"...oil slicks from
the water, glistening
like sweat on
a cluttered desk of thoughts
that shuffled through me
even as i slept,
can i be
more like velvet
on this frightened november nite?..."
I read page after page, absolutely enthralled. And then, on the very last page I read this:
"i could be called
by any name,
they're all the same.
but, when hearts
speak in terms
of 'his' and 'hers,
call you mine.
call me yours
-J.B.B. - 1977"
Yes, he did eventually return to Los Angeles to play the circuit there. I returned from my trip to Europe around the same time (a graduation gift from my father), and J and I met again, picking up where we left off, absolutely inseparable, to an ad nauseam degree as far as my mother was concerned.
I will never forget an impassioned debate that J and I had on a street corner in Westwood, CA one night. I had been talking about all of the things I wanted to do with my life: write, become a spiritual teacher, have a talk show on television, become a professional golfer, join a bowling league, and more. J glared at me and said, "Summer, you can't do everything in one lifetime!" I argued vehemently in return, "Why not? Can't I dream? Why can't I be a professional golfer?" to which he responded, "Do one thing, and do it well! There's not enough time to do everything!"
I laugh at the memory of this because, if I could talk to him today, I would say, "Well, guess what? I have done it all, and more!" And this, because I did do one thing very well: channel spirits. You see, in the early days of my trance mediumship, I channeled dearly departed loved ones, celebrities, and a professional golfer named Babe Zaharias who landed a thirty foot putt right on the edge of the cup (I couldn't hit the broad side of a barn). When I bowled, I often channeled my maternal grandmother was had been an excellent bowler. I would close my eyes, call on her, and she would move my body, and I'd open my eyes to see a perfect strike after strike. In fact, my scores were so high when I channeled her that a group of women gathered at the lane next to mine asked if I would join their league. I didn't. I always kind of felt that channeling Grandma was akin to cheating.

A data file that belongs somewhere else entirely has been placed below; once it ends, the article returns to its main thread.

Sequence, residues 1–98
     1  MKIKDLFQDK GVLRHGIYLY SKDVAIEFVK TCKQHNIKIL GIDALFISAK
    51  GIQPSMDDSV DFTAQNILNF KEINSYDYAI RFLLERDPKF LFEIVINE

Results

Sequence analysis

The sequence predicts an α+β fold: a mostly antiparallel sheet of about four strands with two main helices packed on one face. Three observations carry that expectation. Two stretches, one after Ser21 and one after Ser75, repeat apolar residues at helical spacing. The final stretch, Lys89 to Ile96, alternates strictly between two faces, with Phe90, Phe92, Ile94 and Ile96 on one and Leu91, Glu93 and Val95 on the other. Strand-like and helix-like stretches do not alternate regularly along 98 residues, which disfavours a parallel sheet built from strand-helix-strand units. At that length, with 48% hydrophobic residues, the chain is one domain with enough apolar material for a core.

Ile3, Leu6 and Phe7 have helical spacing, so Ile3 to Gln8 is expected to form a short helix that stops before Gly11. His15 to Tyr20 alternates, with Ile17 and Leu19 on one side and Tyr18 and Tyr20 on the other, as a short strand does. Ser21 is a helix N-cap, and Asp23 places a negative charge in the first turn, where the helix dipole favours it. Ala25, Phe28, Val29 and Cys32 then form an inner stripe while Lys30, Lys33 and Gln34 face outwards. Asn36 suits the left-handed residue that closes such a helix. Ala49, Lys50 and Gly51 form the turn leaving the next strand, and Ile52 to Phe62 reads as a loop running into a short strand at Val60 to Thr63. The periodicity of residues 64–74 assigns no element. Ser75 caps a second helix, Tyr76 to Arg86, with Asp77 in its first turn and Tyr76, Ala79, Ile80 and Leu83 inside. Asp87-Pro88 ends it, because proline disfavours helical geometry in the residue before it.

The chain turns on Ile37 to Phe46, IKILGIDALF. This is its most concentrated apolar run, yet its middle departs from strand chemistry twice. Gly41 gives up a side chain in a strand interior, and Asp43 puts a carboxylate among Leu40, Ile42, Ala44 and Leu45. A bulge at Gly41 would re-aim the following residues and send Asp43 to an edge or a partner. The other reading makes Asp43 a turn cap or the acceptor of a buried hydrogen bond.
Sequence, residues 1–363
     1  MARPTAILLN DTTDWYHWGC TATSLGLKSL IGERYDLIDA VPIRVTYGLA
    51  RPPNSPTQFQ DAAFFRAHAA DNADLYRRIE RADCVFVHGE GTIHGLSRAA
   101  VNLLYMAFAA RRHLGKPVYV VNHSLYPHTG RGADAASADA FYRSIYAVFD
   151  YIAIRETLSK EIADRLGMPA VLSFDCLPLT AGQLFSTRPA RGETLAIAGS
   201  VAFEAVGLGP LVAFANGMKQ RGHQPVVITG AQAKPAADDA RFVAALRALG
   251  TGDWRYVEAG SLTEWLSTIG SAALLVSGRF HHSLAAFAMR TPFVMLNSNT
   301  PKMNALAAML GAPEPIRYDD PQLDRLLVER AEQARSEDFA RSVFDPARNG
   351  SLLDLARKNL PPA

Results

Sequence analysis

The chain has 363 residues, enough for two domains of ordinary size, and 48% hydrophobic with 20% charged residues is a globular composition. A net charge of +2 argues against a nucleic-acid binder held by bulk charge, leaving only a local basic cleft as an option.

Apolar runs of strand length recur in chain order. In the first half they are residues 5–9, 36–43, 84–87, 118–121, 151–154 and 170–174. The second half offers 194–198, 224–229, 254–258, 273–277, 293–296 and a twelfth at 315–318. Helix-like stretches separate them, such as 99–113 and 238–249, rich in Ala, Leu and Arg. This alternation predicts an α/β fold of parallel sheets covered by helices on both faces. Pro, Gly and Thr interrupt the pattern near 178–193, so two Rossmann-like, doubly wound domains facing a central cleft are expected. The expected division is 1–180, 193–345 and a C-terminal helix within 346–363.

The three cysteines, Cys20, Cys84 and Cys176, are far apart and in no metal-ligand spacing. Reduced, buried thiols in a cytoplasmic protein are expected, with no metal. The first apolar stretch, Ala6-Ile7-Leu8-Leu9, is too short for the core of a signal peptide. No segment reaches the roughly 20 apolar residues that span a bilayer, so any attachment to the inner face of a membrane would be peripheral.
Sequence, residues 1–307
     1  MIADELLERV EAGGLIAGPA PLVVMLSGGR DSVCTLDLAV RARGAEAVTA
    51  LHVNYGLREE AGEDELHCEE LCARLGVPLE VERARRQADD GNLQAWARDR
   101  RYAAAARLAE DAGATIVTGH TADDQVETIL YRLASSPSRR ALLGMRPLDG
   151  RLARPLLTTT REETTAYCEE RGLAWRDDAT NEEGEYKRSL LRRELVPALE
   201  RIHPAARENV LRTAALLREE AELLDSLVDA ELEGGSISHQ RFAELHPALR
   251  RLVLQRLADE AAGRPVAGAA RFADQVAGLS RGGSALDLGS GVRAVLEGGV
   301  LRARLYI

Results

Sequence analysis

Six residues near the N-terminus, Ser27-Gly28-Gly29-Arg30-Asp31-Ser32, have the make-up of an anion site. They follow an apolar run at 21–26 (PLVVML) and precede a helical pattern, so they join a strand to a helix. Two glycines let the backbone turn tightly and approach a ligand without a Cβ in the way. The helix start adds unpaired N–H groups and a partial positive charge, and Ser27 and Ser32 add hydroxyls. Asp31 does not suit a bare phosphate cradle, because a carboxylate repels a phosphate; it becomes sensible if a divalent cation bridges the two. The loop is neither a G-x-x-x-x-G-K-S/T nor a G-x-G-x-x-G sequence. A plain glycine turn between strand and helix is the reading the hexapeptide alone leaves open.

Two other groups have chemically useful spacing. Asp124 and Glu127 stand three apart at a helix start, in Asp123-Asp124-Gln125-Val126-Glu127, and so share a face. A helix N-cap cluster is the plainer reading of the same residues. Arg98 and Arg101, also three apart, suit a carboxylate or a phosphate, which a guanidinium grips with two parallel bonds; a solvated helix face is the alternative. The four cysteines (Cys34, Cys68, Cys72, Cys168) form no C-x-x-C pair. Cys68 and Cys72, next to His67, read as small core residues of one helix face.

I think of J quite often, and I do know that he is now happily married to the woman he met after we split up, which both delights and surprises me. When we were together, I was looking for marriage and children, and that just wasn't his thing. I guess it's his thing now. But, back then, he was an extraordinarily talented drummer who was chasing his dream of becoming a superstar. He did find some success as a studio musician, and his brilliant mind eventually landed him back on the east coast as a political writer. (Sometimes I wonder what I would do without Google.)
In 2013, as I unpacked my things at my condo in Sedona, I found the little blue journal embellished with gold. I smiled as I flipped through the pages, from the first poem entitled "Summer" to the last one about names. I closed the book and caressed the cover, dusting it off with my palm, preparing to put it on my bookshelf. I ran my fingertips down the spine, and gasped in astonishment. There on the spine, stamped in gold, were the words: "Peebles Press." Dr. Peebles' publishing company!
I never cease to be amazed by this adventure called life.